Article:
Taking the art of cornhole to a new level

Originally Published: August 12, 2010
By Paul Lukas | Page 2

Cornhole -- you know about it, you've probably played it. It's the game where you toss the beanbags at the plywood target with the hole. The game played by countless drunken college kids. The game where it's almost a law that you have to wear a backward baseball cap. The game whose name makes your inner Beavis snicker.

Unless you're Robert Marshall or one of his friends. In that case, cornhole is a combination of art project, prop theater and take-no-prisoners competition.

Marshall, an artist who lives in Chicago, has been convening cornhole tournaments in his neighbor's backyard for the past few years. He's a man who likes to push things to their extremes and then push a little harder. Consider, for example, his cornhole attire:


Asked about the solid-white outfit, Marshall says, "It's about respect for the game, like at Wimbledon."

Of course. And the Mexican wrestling mask? "No real reason, other than to intimidate."

Check. But are there really any commonalities between cornhole and wrestling? "Except for the eye-gouging, definitely. It's all about the big score, jumping off the ropes, the whole thing. Actually, we might have some eye-gouging today too."

Welcome to cornhole, Marshall-style. And the outfit is just the beginning. Marshall sews his own beanbags; makes his own targets, scoreboard, and trophies; and even designs his own trading cards. He's also established a cornhole code of conduct that stops just short of being its own religion. Its major tenets are as follows:

1. The "bags" thing. The word "bags" assumes near-metaphysical status in the Marshallverse. The game is never called cornhole -- always bags. His neighbor's backyard is Bags Stadium. And Marshall and his pals have come up with their own bags-centric lexicon. Here's a sampling:

• Laser bag: a line-drive toss.

• Sky bag: a high toss.

• Beast with two bags: when one bag lands upon another.

• Flat bags: holding the bag flat on the palm before the toss.

• Dust bags: a round when nobody scores.

• Bag-o-matic: automatic, as in "Whoa, he's bag-o-matic today!"

• Little bag horn: when a top-seeded team gets ambushed by a supposedly lesser squad.

• Baby got bags: when a female player is on a high-scoring roll (although Marshall notes that the term has sometimes been invoked "in other circumstances").

[+] EnlargeCornhole Board
Paul LukasOnly in this league does a piece of plywood have personality.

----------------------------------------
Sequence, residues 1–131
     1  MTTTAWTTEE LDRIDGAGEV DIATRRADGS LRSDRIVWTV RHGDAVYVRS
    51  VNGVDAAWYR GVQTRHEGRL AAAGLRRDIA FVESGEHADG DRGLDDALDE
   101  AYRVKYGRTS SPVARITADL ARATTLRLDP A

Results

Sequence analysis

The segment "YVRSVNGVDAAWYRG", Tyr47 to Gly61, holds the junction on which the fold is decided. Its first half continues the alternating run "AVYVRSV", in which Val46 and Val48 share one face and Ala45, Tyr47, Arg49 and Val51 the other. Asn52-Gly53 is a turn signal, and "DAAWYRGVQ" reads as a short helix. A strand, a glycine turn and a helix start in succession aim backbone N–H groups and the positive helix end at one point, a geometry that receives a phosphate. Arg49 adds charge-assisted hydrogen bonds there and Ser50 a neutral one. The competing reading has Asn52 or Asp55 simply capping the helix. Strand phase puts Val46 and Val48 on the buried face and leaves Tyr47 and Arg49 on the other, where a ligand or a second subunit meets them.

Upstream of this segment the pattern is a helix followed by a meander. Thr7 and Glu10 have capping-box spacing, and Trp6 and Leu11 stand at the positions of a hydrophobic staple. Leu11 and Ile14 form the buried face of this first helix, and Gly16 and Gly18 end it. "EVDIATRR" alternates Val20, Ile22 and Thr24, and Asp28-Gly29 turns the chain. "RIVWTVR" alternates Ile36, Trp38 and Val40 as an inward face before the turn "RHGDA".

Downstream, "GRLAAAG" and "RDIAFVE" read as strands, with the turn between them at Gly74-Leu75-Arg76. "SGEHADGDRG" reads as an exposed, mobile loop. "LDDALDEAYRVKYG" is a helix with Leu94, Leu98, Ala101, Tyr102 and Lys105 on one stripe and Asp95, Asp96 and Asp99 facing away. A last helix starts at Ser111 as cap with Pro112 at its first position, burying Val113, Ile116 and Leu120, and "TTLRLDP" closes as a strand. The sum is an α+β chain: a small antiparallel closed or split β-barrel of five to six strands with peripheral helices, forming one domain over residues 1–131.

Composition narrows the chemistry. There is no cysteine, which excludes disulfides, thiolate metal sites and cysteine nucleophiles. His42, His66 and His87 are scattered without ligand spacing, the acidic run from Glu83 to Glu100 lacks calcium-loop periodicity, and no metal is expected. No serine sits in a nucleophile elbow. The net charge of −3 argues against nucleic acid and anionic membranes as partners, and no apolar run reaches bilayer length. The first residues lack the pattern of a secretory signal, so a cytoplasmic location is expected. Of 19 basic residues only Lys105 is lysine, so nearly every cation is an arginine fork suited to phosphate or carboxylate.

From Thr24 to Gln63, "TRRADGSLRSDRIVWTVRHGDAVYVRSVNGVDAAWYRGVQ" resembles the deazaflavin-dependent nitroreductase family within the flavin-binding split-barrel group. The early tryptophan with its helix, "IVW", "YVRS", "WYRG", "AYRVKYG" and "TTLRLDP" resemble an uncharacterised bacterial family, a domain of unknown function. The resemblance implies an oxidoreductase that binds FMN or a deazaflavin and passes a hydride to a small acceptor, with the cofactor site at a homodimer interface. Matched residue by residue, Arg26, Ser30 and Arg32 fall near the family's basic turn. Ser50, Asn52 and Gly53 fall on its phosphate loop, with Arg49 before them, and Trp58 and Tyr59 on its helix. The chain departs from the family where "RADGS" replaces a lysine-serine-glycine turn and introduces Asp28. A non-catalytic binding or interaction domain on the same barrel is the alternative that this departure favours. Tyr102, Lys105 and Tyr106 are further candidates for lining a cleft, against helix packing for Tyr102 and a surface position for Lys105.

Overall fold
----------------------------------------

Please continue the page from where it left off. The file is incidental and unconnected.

And those are just the terms relating to the game itself. Hang out with Marshall's crew long enough and you'll start to hear the English language being infected by the bags bug. Reminiscences about past events often begin with, "I remember bag in the day ... " Any discussion of music inevitably includes a reference to the Bagstreet Boys or "Bag Moon Rising." Someone who's annoyed with you might tell you to "Bag off!"

Meanwhile, each player adopts a nom de bags. The roster in recent years has included Dagger Bagger (so named because her pinpoint accuracy puts a dagger in the opposing team's heart), Bagarazzi (because he's always taking photos), Bare Bagger (because he plays barefoot), Carpetbagger, Tiny Bagger, Drama Bagger, Bagabond, Sir Bags-A-Lot, Bag Bag Leroy Brown, T-Bagger, Bag in Black, Pic-i-nic Bagsket, Bagley Whiplash, Bagzilla, Heavenly Bagger, Bag Hag, Erin Von Bagovich, Grabbags, Chelsea Bagger and countless others.

Marshall himself used to go by Long Tall Bag of Water, but now he's Natty Bagger. That's a reference to Natty Boh, which is short for National Bohemian, a popular beer in Baltimore. All of which leads us to ...

2. The Baltimore thing. Although he lives in Chicago, Marshall hails from Baltimore. The slogan and logo character on his cornhole bags targets are borrowed from Natty Boh, and the black-and-orange color scheme is a shout-out to the Orioles. Those same colors show up throughout Marshall's homemade accessories: His beanbags are black and orange, scoring is charted with black and orange clothespins, and so on.

3. The corn thing. Visitors to Bags Stadium quickly notice a maize-based visual theme, from the championship trophies to some of the other props. It's a long story, but let's just say Marshall is really, really into corn. This might be awkward if the operative vegetable were, say, broccoli, but all the corn references dovetail with the game's official, if unspoken, name. So it all fits in nicely.

I like it when things get repurposed in unusual directions, so the idea of a frat-boy game being hijacked by a bunch of art geeks pushes my buttons. Plus I think it would make a good story for Page 2. Would Marshall be cool with a bit of media coverage?

"Sure, come on out," he tells me. "It'll be bagtacular!"

A few weeks later, I arrive in Chicago, head over to Bags Stadium, and find Marshall setting up his latest accessory: a cartoon illustration with lots of painted feathers clipped to it. But as I take a closer look, I see that they aren't feathers after all -- they're painted corn husks.

"I was up until 4 in the morning making them," Marshall proudly tells me. "They're based on jockey silks, like in horse racing. Silks made out of silk, get it?"

"Um, but those are husks, not silks."

"Oh, whatever. Close enough."